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Living the Dream: 311 3rd Transformation

Following an extensive transformation of Lake|Flato’s office in downtown San Antonio, we are thrilled to be back together in a reinvigorated space designed to promote creativity, collaboration, and culture. Over the last few years, our internal design team has worked tirelessly to create a healthy, inclusive work environment that applies design principles that have defined our work for decades. The result is a flexible office designed for the modern workplace that connects people to the outdoors and to each other.

With the building’s original bones on display, and through a design exercise of subtracting rather than adding, our new 311 Third office proudly references the firm’s history in the Alamo City while supporting our continued growth.


For almost 40 years, Lake|Flato has been housed in the same building in downtown San Antonio – a “warehouse-like” three story structure that was once a car dealership. The building’s original function is to thank for much of the original design: massive, heavy concrete beams spanning 50 feet and 13-foot ceilings were necessary for the cars stored in the upper levels.

Initially, Lake|Flato rented only one half of the building’s second floor and was surrounded by other tenants, including lawyers, a radio station, and fellow architects. A deal was struck between the building’s then-owner and the eager architects on the second floor, David Lake and Ted Flato: ownership in the building in exchange for their design services to fix it up. Up until then, the firm had mostly worked on ranch houses and residences that were embedded in the landscape. Lake|Flato’s first office became our first commercial project.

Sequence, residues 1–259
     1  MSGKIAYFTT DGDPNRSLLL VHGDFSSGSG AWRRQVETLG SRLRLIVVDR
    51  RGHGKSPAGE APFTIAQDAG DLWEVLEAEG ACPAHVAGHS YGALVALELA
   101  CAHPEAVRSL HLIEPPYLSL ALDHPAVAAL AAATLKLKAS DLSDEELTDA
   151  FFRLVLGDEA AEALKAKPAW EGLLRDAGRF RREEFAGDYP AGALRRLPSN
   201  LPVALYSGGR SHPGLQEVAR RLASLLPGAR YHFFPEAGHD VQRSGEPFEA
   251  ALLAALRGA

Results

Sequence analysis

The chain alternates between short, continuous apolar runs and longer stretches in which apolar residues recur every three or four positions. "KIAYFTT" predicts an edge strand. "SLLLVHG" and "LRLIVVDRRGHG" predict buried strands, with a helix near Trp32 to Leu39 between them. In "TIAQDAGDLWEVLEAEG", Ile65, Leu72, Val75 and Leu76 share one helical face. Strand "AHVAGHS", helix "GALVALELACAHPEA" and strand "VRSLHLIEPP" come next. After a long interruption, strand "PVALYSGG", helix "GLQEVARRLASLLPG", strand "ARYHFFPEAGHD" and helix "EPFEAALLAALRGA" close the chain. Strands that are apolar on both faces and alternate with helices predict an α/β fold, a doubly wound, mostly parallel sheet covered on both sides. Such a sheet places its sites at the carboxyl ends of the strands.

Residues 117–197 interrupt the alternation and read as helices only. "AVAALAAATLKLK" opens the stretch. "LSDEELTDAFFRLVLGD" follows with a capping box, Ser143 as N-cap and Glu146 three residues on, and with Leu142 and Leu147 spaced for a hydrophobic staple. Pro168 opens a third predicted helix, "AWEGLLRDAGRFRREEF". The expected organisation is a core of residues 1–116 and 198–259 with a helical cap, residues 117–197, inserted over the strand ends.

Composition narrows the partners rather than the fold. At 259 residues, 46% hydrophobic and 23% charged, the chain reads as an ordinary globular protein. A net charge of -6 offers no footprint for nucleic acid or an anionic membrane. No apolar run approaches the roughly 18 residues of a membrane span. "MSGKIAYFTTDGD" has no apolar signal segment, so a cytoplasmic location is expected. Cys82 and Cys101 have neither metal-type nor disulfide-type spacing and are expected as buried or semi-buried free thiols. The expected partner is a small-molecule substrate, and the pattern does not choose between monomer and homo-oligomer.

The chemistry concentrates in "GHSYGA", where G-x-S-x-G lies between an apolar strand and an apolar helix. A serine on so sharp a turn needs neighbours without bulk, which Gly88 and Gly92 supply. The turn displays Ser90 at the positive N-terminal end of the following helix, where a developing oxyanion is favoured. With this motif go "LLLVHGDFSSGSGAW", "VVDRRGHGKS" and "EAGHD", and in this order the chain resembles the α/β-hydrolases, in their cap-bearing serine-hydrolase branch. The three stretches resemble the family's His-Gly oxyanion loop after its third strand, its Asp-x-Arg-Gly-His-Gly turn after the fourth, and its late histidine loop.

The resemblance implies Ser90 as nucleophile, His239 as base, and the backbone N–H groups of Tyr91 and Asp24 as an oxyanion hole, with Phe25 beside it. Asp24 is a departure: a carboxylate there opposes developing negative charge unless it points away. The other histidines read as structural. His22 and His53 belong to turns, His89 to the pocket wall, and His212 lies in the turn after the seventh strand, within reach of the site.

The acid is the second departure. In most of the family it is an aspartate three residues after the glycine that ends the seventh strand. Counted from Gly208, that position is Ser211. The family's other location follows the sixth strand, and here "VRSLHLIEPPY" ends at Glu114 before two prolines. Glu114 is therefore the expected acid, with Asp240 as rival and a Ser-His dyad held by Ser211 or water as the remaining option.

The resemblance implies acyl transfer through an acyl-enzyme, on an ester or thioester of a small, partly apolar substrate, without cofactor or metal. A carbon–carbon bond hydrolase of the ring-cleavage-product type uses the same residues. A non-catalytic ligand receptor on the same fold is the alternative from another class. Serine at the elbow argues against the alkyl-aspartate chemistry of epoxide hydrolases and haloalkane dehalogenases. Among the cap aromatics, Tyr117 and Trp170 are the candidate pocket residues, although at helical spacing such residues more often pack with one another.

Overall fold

“Adaptive reuse was always something we wanted to be doing and so this was an early option to do that… We really desperately wanted to be downtown and be a part of the whole revival of downtown, so everything about this opportunity was perfect,” Ted Flato says.


Fast forward to 2019, and the firm had taken over every square foot of the building with more than 100 employees based in San Antonio. While the office had been renovated in pieces over the years, it had been years since the building’s most significant design overhaul. Designers from across the firm named the office’s future transformation “Living the Dream,” a commitment to renovate and expand the office into a healthy, high-performing, and flexible workplace.

When the pandemic hit in 2020, the design shifted towards indoor-outdoor environments calibrated for flexibility. As it turns out, what is good for our respiratory health is also good for our mental, emotional, and environmental health.

“Our design process, much like we conduct with our clients, was very inclusive. We spent a lot of time talking to staff members at all levels about what they would like to see in our renovated office. We did that through individual meetings and surveys to hear all the voices. From there we spent time, of course, creating a beautiful design that Jamie [Sartory] led,” says Brandi Rickels, a partner at Lake|Flato.

Equipped with new ideas and tools supporting hybrid work, Lake|Flato decided to reconfigure its indoor office environment and replace onsite parking with an outdoor courtyard. The design team saw this project as an exercise in removing and renovating, rather than adding – encouraging health and wellness through outdoor amenities, connections to nature, and alternative modes of transportation.